Larry Brain - Mar 27, 2007

The Caribbean islands tend to be associated with golden beaches and crystal clear blue waters, lots of diving possibilities, and a perfect opportunity to relax, to lie around and sunbathe in the hot sun. Well, there is another way of spending time there.



The island of Dominica is renowned for its diverse terrain, thick rain forest and most importantly, the Boiling Lake in the Morne Trois Pitons National Park, a UNESCO world heritage site. The lake was put on the map in 1870 by two Englishmen. It is a flooded fumarole not far away from the island’s capital Roseau. It is filled with bubbling greyish-blue water and its surface is usually shrouded in a cloud of vapor. The Boiling Lake is approximately 200 feet across (60m) and the average temperature is around 180 – 197 degrees Fahrenheit (82 – 91,5 oC).



The hike to the lake is extremely challenging and enthusiasts willing to take the trip need to bear in mind potential dangers. Going alone would be the most unwise thing to do. Experienced guides are available not only in Roseau, but also at the official starting point of the hike, the mountain village of Laudat. From here, the trail starts out quite easy, with guides usually  informing the hikers about the rainforest and its fauna and flora, pointing out some interesting exemplars on the way. The first stop is the Breakfast River, from where the hike gets very demanding. The second section leads the adventurers through the Valley of Desolation, going steeply uphill to about 2,500 ft. Once reaching the top, you are already very close to the lake.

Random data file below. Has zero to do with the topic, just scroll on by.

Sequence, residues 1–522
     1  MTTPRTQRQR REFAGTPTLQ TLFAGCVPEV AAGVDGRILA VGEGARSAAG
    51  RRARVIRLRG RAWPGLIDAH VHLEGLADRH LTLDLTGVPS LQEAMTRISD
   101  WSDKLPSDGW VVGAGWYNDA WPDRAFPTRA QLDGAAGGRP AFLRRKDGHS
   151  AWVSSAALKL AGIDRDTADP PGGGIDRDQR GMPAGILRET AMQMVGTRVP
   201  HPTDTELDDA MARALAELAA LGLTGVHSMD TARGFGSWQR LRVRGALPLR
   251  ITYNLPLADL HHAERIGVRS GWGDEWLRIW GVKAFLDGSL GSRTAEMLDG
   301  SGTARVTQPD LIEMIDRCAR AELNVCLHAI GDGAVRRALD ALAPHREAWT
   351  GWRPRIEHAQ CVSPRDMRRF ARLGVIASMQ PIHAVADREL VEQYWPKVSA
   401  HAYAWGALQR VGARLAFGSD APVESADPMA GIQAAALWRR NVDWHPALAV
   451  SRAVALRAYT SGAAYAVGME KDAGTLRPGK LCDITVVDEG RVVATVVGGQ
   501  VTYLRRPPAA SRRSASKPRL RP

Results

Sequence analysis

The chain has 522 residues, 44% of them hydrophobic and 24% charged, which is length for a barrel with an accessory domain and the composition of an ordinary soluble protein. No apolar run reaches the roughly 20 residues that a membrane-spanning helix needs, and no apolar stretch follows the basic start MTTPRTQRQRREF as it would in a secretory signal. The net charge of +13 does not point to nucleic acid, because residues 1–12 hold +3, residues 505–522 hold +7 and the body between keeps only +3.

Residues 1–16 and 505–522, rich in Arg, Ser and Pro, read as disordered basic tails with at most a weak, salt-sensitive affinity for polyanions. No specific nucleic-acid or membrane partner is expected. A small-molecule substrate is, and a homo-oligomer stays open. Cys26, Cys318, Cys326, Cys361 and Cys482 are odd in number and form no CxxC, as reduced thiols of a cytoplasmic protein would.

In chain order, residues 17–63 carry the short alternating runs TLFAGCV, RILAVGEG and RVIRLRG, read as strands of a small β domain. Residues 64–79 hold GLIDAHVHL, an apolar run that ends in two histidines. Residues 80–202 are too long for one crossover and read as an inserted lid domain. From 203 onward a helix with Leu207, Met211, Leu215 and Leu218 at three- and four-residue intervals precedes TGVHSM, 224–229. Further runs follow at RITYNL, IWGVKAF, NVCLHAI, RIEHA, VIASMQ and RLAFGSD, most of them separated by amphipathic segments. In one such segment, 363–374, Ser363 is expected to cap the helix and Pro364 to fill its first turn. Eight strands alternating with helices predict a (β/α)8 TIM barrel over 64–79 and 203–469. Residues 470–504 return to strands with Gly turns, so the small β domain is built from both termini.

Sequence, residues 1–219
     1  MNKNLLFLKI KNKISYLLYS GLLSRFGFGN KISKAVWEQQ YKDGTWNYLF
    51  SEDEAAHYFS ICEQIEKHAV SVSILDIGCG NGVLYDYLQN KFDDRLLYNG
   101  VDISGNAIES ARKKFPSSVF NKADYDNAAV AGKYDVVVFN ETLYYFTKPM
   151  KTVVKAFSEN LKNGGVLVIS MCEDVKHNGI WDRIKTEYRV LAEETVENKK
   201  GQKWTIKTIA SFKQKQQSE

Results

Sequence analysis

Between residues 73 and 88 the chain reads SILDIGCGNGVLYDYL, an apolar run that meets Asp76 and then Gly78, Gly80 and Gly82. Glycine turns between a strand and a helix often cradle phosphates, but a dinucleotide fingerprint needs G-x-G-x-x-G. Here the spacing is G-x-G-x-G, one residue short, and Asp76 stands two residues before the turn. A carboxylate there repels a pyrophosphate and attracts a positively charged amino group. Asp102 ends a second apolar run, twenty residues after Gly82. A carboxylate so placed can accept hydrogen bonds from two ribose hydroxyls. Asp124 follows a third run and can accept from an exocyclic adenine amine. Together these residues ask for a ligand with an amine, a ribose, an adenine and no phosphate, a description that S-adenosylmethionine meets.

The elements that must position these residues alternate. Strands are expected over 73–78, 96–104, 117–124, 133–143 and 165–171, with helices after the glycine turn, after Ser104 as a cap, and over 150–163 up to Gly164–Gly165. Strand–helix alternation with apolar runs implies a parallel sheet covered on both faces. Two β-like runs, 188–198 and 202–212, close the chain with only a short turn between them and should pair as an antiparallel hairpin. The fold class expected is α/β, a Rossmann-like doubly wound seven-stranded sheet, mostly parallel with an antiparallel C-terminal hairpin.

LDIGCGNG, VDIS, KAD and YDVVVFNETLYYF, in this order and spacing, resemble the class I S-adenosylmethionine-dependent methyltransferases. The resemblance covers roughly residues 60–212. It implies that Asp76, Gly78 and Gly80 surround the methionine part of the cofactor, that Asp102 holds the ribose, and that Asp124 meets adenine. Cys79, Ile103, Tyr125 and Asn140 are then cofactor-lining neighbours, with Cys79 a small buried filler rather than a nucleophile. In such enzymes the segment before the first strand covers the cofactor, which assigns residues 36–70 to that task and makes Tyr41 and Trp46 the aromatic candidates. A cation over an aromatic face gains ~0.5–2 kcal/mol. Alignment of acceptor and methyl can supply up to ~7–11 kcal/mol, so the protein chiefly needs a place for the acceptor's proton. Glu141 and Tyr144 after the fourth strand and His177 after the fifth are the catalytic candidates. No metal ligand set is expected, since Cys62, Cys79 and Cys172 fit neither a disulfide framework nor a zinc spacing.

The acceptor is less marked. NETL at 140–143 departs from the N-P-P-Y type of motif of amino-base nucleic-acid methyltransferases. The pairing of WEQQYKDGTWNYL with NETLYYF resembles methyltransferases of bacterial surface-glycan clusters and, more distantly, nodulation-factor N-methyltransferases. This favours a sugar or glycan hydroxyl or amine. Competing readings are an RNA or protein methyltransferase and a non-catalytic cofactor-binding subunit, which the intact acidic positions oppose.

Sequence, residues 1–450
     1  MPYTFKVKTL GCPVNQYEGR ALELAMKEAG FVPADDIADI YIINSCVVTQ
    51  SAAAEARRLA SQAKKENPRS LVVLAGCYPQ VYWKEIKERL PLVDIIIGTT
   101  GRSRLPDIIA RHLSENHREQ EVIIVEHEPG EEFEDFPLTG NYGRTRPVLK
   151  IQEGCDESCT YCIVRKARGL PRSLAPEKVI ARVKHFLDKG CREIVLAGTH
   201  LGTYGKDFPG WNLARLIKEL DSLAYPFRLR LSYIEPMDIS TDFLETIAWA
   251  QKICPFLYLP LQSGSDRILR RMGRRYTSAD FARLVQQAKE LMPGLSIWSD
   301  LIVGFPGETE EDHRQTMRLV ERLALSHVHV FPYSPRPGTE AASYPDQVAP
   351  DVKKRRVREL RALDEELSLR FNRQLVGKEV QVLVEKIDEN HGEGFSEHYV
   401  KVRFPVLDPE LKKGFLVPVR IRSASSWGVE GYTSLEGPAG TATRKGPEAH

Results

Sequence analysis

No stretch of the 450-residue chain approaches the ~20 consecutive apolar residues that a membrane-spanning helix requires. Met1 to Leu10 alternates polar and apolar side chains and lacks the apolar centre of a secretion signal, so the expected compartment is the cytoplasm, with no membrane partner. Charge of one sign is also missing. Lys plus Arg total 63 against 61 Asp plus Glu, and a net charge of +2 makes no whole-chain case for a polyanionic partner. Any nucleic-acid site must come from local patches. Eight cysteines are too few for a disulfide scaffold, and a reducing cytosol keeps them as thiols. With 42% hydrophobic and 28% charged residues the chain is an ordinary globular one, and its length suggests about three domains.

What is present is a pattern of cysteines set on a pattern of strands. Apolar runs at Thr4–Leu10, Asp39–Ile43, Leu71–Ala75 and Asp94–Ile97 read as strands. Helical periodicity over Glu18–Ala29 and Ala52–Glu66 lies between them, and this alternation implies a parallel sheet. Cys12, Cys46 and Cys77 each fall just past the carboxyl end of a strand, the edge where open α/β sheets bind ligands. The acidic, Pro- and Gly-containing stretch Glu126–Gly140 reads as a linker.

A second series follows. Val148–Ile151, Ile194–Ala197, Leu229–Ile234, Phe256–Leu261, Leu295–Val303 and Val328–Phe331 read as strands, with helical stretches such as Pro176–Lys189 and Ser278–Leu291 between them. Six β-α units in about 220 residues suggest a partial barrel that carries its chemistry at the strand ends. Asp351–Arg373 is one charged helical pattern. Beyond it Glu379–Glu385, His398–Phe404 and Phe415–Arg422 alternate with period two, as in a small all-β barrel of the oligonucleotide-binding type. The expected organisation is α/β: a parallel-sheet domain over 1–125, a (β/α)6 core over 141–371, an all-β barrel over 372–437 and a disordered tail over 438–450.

The lake is spectacular, most hikers claim, especially in the context of a tiring, 3-hour hike. Guides usually let adventurers soak in the hot springs of the lake for some time, if only to give them some rest before they set on their journey back. The trip takes about six hours and some travelers are hardly able to move their limbs for several days afterwards. Yet the experience is unforgettable; testing and purifying at the same time.


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